NINE PARTS OF DESIRE

THE HIDDEN WORLD OF ISLAMIC WOMEN

A well-crafted, absorbing account of Islamic women's lives as seen through the eyes of a secular-minded, Australian-born feminist journalist. Wall Street Journal Middle East correspondent Brooks describes with sensitivity and clarity her conversations and relationships with Islamic women, from the blue-jean-clad, American-born queen of Jordan to a devout Palestinian who shares her abusive husband with another woman in a four-room hovel with 14 children. Many of the obstacles she describes are well known: Some Islamic women are not allowed to show flesh or pray out loud in public (their voices are too arousing and could provoke unholy thoughts in men); many professions are closed to women; and severe sexual double standards still exist. However, Brooks's lively interpretations of Islamic tradition offer a useful challenge to Western stereotypes. According to her, Mohammed's teachings on the role of Islamic women, not to mention his living example, are complex and contradictory, often in direct opposition to the gender politics of today's extreme fundamentalists. Unfortunately, the author's naive faith in her own culture's progress allows her to make some rather arrogant statements, such as, ``Like most Westerners, I always imagined the future as an inevitably brighter place, where a kind of moral geology will have eroded the cruel edges of past and present wrongs. But in Gaza and Saudi Arabia...the future is a place that looks darker every day.'' Stemming from a similar blind spot, perhaps, is the short shrift given to Middle Eastern feminist activists and scholars. Few organized women's movements are discussed, and Brooks's treatment of Egyptian feminist Nawal Saadawi's persecution by the radical Islamic group Jihad and the Egyptian government totally overlooks the influence she has had; many believe Saadawi and other feminists are responsible, for example, for the Egyptian government's partial banning of clitoridectomy. Nonetheless, Brooks is a fine storyteller, though at times her tales feel incomplete. (Author tour)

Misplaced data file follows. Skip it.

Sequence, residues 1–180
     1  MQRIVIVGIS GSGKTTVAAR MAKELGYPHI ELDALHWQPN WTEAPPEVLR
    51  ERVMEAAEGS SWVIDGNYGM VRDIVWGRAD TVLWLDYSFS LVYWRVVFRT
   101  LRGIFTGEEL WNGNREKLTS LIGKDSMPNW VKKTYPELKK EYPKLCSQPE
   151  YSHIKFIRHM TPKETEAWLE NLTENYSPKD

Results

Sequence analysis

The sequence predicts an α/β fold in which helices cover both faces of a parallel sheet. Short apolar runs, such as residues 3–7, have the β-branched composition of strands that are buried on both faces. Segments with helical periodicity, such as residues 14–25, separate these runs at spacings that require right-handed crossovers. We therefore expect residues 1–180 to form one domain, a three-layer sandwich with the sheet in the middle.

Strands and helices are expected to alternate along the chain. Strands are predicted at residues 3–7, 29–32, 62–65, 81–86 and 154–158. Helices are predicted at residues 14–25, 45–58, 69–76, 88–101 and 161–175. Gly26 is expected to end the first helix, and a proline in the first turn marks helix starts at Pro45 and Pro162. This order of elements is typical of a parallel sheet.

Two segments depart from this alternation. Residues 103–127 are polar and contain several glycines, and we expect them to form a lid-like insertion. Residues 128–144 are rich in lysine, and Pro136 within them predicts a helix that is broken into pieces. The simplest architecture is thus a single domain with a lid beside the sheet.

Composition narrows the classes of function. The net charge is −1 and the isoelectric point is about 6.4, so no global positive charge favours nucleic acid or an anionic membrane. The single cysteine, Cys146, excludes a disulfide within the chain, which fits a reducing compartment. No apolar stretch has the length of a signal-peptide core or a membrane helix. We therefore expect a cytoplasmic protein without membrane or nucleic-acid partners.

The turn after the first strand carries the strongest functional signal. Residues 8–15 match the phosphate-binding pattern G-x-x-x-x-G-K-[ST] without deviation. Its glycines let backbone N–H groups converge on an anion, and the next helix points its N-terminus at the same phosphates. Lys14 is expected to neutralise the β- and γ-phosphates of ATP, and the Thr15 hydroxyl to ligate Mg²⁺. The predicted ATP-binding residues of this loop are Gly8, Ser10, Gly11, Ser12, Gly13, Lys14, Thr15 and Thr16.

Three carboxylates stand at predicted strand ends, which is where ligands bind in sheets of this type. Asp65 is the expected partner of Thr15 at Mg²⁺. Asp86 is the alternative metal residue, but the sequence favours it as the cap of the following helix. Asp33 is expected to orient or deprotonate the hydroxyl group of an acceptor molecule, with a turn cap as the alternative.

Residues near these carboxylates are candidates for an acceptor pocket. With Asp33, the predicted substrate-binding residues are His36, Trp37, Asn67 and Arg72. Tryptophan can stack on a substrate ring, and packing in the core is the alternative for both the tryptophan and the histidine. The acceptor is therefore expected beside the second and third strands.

Pub Date: Jan. 1, 1995

ISBN: 0-385-47576-4

Page Count: 308

Publisher: Anchor

Review Posted Online: May 20, 2010

Kirkus Reviews Issue: Oct. 15, 1994

Did you like this book?

No Comments Yet

Occasionally wonky but overall a good case for how the dismal science can make the world less—well, dismal.

GOOD ECONOMICS FOR HARD TIMES

“Quality of life means more than just consumption”: Two MIT economists urge that a smarter, more politically aware economics be brought to bear on social issues.

It’s no secret, write Banerjee and Duflo (co-authors: Poor Economics: A Radical Rethinking of the Way To Fight Global Poverty, 2011), that “we seem to have fallen on hard times.” Immigration, trade, inequality, and taxation problems present themselves daily, and they seem to be intractable. Economics can be put to use in figuring out these big-issue questions. Data can be adduced, for example, to answer the question of whether immigration tends to suppress wages. The answer: “There is no evidence low-skilled migration to rich countries drives wage and employment down for the natives.” In fact, it opens up opportunities for those natives by freeing them to look for better work. The problem becomes thornier when it comes to the matter of free trade; as the authors observe, “left-behind people live in left-behind places,” which explains why regional poverty descended on Appalachia when so many manufacturing jobs left for China in the age of globalism, leaving behind not just left-behind people but also people ripe for exploitation by nationalist politicians. The authors add, interestingly, that the same thing occurred in parts of Germany, Spain, and Norway that fell victim to the “China shock.” In what they call a “slightly technical aside,” they build a case for addressing trade issues not with trade wars but with consumption taxes: “It makes no sense to ask agricultural workers to lose their jobs just so steelworkers can keep theirs, which is what tariffs accomplish.” Policymakers might want to consider such counsel, especially when it is coupled with the observation that free trade benefits workers in poor countries but punishes workers in rich ones.